The Desert Fathers: Monks and Monasteries of the Egyptian Desert

The Desert Fathers: Monks and Monasteries of the Egyptian Desert
The Monastery of St. Paul of Thebes, Red Sea Desert, Egypt (1990)

Sunday, July 8, 2012

STS. BARSANUPHIUS AND JOHN - PART I (Various Teachings to Disciples)

Today we will continue our look at the teachings of two Desert Fathers of sixth century Palestine, Sts. Barsanuphius and John.  This series will continue over several issues as much of what they have to teach us goes right to the heart of the questions posed by our friend ñ a question many of us struggle with in our daily lives.

BEGIN: [to a sick monk] Concerning fasting, do not grieve, as I have said to you before: God does not demand of anyone labors beyond his strength.  And indeed, what is fasting if not a punishment of the body in order to humble a healthy body and make it infirm for passions, according to the word of the Apostle: “When I am weak, then am I strong” (II Corinthians 12:10).  And disease, more than this, is a punishment and takes the place of fasting and even more ñ for one who bears it with patience, thanks God, and through patience receives the fruit of his salvation; for instead of weakening his body by fasting, he is already sick without that.  Give thanks to God that you have been delivered from the labor of fasting.  Even if you will eat ten times in a day, do not grieve; you will not be judged for this, for you are doing this not at the demon’s instigation, and not from the weakening of your thought; but rather, this occurs to us for our testing and for profit to the soul.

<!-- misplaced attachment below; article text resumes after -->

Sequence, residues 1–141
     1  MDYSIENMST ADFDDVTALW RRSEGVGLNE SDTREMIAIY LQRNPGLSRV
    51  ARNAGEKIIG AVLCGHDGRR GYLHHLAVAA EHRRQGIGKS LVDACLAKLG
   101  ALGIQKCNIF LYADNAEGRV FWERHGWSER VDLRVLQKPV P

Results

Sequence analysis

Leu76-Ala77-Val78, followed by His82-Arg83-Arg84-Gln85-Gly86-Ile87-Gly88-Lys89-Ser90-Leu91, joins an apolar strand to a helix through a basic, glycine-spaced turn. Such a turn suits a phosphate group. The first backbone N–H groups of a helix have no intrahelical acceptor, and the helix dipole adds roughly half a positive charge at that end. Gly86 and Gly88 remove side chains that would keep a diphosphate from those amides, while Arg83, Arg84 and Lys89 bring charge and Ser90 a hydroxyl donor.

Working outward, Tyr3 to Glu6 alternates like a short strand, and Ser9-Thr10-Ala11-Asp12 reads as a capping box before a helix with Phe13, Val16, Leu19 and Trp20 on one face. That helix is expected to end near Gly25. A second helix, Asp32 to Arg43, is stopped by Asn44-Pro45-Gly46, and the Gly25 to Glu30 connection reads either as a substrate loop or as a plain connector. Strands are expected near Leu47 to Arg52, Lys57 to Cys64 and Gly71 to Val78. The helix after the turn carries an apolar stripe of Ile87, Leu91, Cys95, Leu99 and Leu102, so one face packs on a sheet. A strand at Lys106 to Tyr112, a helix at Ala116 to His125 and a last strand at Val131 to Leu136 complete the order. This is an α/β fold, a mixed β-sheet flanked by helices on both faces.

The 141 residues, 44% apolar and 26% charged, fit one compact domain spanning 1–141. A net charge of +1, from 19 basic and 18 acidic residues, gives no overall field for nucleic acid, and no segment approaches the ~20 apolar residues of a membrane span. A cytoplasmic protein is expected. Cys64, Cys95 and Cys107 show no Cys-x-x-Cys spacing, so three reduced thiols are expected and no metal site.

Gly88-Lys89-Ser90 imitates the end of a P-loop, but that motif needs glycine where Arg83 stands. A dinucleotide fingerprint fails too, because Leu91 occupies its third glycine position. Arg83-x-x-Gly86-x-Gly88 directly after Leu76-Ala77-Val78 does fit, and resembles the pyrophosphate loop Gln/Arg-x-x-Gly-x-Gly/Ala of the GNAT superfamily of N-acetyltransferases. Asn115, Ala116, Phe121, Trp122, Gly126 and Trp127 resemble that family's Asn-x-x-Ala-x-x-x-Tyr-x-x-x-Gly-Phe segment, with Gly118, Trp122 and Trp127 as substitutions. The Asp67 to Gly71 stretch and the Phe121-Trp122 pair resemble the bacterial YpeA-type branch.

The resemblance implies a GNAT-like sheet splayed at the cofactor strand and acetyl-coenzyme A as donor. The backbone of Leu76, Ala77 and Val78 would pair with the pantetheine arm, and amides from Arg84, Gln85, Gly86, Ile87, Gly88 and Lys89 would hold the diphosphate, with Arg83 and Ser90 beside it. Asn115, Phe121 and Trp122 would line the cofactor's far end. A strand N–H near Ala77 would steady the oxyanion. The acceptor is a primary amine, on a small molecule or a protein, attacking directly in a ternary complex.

-- To the Monk Andrew, when he became faint from the temptations that had come upon him:

Andrew!  My brother one in soul (with me), do not grow faint.  God has not abandoned you and will not abandon you.  But know that the sentence pronounced by the Master to our common father Adam: “In the sweat of your brow you shall earn your bread” (Genesis 3:19) is immutable.  And just as this commandment is given to the outward man, so to the inward man it is commanded to aid the prayers of the Saints by means of one’s own ascetic labors; and these prayers greatly help a man so that he will not remain fruitless.  For just as gold which is heated in a furnace, held with pincers and beaten with a hammer, becomes pure and fit for a royal crown, so also a man being supported by the mighty and much-performing prayer of the Saints is heated by sorrows, receives the blows of temptations and, if he endures everything with gratitude, becomes a son of the Kingdom.  And therefore, everything that might happen to you occurs for your benefit, so that you also might receive boldness before God, both through the intercession of the Saints and through your own labors.  And do not be ashamed to offer now to God the beginning of these labors, lest in place of spiritual joy, sorrow should overtake you; and believe that He who has given the promises will fulfill them (Hebrews 10:23).  Prosper in the Lord, my beloved.

-- And so, brother, hate perfectly so as to love perfectly.  Depart completely, so as to draw near completely.  Disdain one kind of adoption, in order to receive another adoption.  Cease to fulfill desires, and you will fulfill desire.  Wound yourself, and treat yourself.  Mortify yourself, and bring yourself to life.  Forget yourself, and know yourself.  And you will have the works of a monk.

-- Restrain your tongue from idle talking, your stomach from love of sweetness, and do not irritate your neighbor.  Do not be brazen, consider yourself as nothing, preserve love toward everyone, and have always God in your heart, remembering “When I shall appear before the face of God” (Psalms 41:3).  Keep this, and your soil will bring forth a hundred-fold fruit to God, to Whom may there be glory unto the ages.  Amen.

from “Saints Barsanuphius and John: Guidance Toward Spiritual Life,” trans. by Fr. Seraphim Rose, (Platina, California: St. Herman of Alaska Brotherhood, 1990), pp. 47 - 73 (selections)